Where talent still trumps background

This article is from the 8th edition of The Cynical, our free online magazine.

 

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Against the backdrop of another football extravaganza, the 2018 World Cup in Russia encouraged deeper soul-searching for the sport. Amidst the media frenzy – and a determination to squeeze every last drop of possible content out of the event – came analyses of the tournament’s possible implications: from diplomatic tensions; to ethical inquisitions; to the racial stereotyping of African teams. These are all worthy issues, but some of the most moving pieces came in the form of widely shared articles from The Players’ Tribune

Vivid autobiographical accounts from the likes of Romelu Lukaku and Raheem Sterling found themselves shared and re-shared across the internet. These pieces depict poverty and youthful struggles in cruel, unfair conditions. As football fans, we all love a good underdog story: the tantalising defeat of adversity, against all odds. However, these stories are very real, often painful, and extremely common in the football world.

The magic of football is found in its closeness to the peaks and troughs of life. It is at once synthetic and harmless, yet very real: its close-but-not-enough moments, heartbreaking; its underdog achievements, overwhelming. It holds itself reflectively – and often romantically – against the waveform of our lives. For most it does so synthetically, like a cathartic safe play area; as masochistic as horror cinema or as euphoric as a few beers. But for some this drama is very real. Its achievements and failures are inextricably linked to the narrative of that individual’s life. For some it is genuinely the only way – the authentic underdog story.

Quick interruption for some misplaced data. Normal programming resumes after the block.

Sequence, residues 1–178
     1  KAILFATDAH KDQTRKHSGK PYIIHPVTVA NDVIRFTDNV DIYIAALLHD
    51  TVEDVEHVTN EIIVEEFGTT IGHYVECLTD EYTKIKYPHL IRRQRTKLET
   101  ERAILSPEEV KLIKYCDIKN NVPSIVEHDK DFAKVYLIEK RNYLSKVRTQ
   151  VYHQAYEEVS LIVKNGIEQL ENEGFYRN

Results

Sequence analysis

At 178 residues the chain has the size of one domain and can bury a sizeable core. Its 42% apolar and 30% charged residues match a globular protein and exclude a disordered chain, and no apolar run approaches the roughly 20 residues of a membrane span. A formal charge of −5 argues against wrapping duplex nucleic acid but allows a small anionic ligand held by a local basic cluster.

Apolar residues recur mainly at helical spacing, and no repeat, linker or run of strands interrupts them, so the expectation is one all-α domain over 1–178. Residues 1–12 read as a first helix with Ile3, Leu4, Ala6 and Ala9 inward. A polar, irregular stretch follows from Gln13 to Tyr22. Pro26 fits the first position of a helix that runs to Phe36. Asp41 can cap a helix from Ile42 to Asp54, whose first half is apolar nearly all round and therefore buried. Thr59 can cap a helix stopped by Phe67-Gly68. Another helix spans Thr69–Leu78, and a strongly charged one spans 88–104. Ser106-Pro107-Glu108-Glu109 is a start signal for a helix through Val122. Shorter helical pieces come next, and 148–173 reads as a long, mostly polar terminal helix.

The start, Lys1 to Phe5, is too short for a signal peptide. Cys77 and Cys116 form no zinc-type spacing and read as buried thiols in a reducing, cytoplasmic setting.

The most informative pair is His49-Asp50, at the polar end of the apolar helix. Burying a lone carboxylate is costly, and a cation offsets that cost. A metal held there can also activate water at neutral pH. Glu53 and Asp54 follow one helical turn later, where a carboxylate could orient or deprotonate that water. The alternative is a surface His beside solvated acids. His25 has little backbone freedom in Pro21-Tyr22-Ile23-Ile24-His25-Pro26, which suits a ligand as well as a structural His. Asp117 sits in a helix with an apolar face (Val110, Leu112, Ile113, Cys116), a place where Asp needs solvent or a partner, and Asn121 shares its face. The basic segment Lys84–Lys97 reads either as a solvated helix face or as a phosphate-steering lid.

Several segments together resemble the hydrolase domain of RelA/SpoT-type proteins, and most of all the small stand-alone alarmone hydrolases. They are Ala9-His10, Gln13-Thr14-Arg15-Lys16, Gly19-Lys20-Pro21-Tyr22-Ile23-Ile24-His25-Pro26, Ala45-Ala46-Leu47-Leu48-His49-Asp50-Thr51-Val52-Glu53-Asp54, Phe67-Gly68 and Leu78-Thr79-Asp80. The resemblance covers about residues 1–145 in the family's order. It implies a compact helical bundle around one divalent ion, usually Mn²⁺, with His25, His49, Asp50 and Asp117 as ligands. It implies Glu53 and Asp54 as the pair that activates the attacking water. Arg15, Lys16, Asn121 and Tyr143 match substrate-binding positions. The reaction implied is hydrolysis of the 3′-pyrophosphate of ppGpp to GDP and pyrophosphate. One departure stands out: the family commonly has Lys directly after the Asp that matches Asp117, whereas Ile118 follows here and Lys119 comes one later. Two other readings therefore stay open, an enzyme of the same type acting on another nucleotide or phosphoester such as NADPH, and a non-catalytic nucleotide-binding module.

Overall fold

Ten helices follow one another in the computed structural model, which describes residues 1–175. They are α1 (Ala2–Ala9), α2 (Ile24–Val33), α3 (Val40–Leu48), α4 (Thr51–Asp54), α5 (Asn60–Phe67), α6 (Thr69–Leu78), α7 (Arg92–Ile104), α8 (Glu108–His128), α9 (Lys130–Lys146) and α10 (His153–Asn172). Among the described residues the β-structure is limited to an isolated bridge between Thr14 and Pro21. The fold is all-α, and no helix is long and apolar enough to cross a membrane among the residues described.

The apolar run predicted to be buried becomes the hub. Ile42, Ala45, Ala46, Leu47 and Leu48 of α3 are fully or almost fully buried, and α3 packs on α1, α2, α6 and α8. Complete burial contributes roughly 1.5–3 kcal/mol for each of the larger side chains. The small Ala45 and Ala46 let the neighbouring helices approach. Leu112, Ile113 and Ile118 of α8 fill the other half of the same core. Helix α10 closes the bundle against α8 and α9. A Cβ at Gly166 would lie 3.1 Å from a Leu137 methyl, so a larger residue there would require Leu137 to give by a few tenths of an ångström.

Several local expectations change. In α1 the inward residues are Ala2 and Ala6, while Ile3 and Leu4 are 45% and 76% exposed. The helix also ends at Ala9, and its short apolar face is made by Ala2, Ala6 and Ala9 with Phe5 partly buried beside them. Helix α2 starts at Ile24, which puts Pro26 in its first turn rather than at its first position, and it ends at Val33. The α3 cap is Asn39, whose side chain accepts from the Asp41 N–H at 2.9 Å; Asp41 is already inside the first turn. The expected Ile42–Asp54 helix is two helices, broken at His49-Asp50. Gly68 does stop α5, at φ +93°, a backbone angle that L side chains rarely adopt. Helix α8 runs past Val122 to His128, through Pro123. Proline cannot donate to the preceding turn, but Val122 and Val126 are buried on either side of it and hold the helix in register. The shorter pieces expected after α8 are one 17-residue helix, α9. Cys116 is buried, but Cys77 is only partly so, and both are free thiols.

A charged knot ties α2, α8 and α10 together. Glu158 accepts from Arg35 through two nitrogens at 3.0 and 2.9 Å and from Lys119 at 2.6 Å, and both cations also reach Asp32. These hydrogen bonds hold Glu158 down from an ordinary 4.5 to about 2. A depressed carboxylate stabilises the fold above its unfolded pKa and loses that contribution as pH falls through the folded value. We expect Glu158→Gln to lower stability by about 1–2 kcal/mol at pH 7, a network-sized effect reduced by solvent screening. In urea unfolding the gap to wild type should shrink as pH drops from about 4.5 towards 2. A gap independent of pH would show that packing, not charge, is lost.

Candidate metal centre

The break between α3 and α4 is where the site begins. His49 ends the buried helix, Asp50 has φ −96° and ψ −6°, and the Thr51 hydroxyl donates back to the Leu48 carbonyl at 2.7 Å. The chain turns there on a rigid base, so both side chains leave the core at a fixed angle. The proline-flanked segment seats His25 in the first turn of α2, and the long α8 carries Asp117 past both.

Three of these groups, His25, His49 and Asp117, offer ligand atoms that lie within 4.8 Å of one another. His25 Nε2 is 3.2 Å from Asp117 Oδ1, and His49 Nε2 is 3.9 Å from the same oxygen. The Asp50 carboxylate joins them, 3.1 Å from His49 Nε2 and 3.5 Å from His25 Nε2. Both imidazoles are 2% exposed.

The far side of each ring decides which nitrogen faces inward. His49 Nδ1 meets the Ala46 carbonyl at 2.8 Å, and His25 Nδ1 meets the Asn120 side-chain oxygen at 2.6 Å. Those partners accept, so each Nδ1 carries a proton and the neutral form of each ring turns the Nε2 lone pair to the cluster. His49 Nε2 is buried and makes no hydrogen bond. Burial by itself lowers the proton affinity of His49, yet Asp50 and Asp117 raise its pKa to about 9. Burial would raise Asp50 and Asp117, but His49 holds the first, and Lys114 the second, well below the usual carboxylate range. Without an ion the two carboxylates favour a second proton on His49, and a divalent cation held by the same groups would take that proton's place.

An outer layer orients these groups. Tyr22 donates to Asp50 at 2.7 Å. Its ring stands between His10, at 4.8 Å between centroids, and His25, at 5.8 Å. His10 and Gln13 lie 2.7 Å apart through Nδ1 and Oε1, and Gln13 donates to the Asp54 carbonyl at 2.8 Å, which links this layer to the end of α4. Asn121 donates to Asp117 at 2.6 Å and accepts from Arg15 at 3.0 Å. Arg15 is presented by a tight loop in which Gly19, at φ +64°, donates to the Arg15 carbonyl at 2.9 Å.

I remember the exact moment I knew we were broke. I can still picture my mum at the refrigerator and the look on her face.”

– Romelu Lukaku

 

What these and similar backstories tell us is that there is a link between football and social mobility. In the UK, social mobility remains an onerous issue – an economic pandora’s box, with implications stretching across different areas of the social spectrum. Football’s place in this picture is – to use the tired cliché – a game of two halves, both positive and negative. It is, of course, a sad state of affairs that football is one of the few genuinely meritocratic industries in which people can rely solely on their talent. It is not an exact science – especially with regards to access to facilities – but it is much more realistic than overcoming, for example, the attainment gap.

 

Let me tell you something — every game I ever played was a Final. When I played in the park, it was a Final. When I played during break in kindergarten, it was a Final. I’m dead-ass serious. I used to try to tear the cover off the ball every time I shot it. Full power. We weren’t hitting R1, bro. No finesse shot. I didn’t have the new FIFA. I didn’t have a Playstation. I wasn’t playing around. I was trying to kill you.

– Romelu Lukaku